The X-Men characters come largely unchanged from X-Men: Children of the Atom and Marvel Super Heroes, and three characters new to the series are introduced in the form of Rogue, Gambit and Sabretooth. The Street Fighter characters use their Street Fighter Alpha 2 forms and their special moves were given upgrades to match the larger-than-life atmosphere of the Marvel games (for example, Ryu's Hadouken is much larger than it is in other games). This game marks the first appearance of "Shadaloo" depiction of Cammy, who would reappear in the console versions of Street Fighter Alpha 2 Gold, as well as in Street Fighter Alpha 3.
Characters[edit | edit source]
|X-Men Characters||Street Fighter Characters|
Apocalypse is the final boss of the game, and thus lacks a tag partner. After defeating him, the character that defeated Apocalypse is forced to fight his or her teammate (the game will not accept new challengers at this time). Once the CPU-controlled teammate is defeated, the game will show the player-controlled character's ending.
Reception[edit | edit source]
The arcade version of X-Men vs. Street Fighter was met with a widely positive response. It streamlined the style and introduced the concepts of the successful Vs. series. Borrowing elements from Darkstalkers and Marvel Super Heroes, the over-the-top gameplay and visuals were an immediate sensation.
The PlayStation port of the game was universally panned by press and fans alike, earning a "passable" 6.0 at IGN and a "bad" 3.6 at GameSpot. Due to the RAM limitations of the PlayStation, the port was significantly inferior to the arcade in both graphics and gameplay. A lot of animation frames had to be removed, making the game look awkward and choppy, and performance was still "unacceptable" with slowdowns during special moves that made the game essentially unplayable. Because of memory limitations, this version also lacked the tag-team setup; instead, it used a traditional best-two-of-three round setup in a similar manner to Rival Schools: United By Fate. It was possible to have a tag-team match through two-player "Crossover Mode", provided that each player uses a clone of their opponent as their partner. For example, if the player is controlling Ryu and his opponent is Wolverine, then the player's partner will be Wolverine and the opponent's partner will be Ryu.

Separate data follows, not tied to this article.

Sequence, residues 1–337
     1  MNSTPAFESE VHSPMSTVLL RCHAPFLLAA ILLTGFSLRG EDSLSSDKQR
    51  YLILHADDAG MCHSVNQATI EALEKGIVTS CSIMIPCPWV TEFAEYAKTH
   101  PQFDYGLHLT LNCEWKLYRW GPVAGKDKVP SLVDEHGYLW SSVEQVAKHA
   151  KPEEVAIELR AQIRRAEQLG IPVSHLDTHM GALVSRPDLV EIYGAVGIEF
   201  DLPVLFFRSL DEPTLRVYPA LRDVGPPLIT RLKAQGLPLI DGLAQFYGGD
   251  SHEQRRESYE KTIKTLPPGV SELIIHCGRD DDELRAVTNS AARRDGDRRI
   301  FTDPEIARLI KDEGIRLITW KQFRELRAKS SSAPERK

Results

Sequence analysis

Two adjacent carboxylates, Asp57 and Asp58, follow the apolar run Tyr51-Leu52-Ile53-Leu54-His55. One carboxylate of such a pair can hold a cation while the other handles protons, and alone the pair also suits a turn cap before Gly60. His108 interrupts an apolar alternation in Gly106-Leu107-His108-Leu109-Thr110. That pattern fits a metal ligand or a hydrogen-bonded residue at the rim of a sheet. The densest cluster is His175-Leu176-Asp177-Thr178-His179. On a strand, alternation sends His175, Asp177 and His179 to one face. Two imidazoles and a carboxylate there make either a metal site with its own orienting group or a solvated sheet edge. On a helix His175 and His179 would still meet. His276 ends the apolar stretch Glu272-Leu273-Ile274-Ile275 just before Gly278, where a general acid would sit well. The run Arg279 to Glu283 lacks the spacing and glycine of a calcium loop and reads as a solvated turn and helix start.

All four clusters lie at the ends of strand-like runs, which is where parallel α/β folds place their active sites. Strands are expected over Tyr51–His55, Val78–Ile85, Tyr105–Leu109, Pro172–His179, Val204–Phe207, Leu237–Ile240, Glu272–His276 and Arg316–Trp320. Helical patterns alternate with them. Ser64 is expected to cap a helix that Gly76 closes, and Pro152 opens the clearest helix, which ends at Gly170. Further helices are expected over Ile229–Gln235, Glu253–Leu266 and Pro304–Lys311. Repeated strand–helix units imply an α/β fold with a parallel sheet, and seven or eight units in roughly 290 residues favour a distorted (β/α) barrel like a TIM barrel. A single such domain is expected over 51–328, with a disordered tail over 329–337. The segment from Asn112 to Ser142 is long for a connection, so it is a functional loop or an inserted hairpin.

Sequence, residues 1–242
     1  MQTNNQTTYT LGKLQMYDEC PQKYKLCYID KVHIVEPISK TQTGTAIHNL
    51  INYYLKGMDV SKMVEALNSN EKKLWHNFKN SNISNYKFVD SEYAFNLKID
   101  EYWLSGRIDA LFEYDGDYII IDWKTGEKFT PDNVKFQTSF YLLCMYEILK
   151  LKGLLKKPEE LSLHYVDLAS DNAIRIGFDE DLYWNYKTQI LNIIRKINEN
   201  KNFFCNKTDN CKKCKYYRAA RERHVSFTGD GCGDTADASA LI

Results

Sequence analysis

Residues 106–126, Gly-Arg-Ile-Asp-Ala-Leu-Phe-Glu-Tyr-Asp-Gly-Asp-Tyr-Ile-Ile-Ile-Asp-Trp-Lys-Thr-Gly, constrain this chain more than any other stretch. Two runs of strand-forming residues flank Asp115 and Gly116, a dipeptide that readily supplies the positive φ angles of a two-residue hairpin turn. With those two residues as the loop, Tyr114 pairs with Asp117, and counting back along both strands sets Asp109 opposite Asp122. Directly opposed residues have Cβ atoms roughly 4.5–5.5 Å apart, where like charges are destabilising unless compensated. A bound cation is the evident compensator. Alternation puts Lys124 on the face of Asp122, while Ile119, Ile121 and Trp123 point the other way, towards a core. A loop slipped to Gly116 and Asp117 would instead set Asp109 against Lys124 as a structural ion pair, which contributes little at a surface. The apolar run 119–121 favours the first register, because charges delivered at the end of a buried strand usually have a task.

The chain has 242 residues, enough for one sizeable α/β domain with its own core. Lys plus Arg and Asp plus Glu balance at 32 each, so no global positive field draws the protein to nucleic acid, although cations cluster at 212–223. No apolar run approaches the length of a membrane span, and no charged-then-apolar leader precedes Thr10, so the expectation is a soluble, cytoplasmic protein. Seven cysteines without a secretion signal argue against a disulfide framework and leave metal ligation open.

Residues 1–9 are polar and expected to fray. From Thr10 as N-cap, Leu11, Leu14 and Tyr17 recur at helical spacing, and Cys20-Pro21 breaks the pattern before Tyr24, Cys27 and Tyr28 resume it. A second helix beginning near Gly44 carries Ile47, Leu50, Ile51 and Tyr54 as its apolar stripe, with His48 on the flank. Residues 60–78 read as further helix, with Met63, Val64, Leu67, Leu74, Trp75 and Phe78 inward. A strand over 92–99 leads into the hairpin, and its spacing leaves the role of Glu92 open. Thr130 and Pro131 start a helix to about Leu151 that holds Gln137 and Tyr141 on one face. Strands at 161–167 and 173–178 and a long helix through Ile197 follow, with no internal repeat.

The Sega Saturn version received much better reviews, getting a 7.4 "good" review at GameSpot. The Saturn version required a 4MB RAM expansion cartridge (which came packaged with the game), which enabled the Sega Saturn to produce an arcade perfect port and retain all the frames, animation, and the tag-team setup. However, the Saturn version was available in Japan only.
References[edit | edit source]
- Jeff Gerstmann. X-Men vs. Street Fighter. ZDNet. Retrieved on 2006-12-13
- IGN Staff. X-Men vs. Street Fighter: It's half the game it used to be. IGN. Retrieved on 2006-12-12
- X-Men vs. Street Fighter review. GameSpot. ZDNET. Retrieved on 2006-12-12
[edit | edit source]
- X-Men video games at Marvel.com
- X-Men vs. Street Fighter - Fan made replica of the game for PC.
- X-Men vs. Street Fighter at SegaSaturn.co.uk - Information, box scan, screenshots and review of the Sega Saturn version.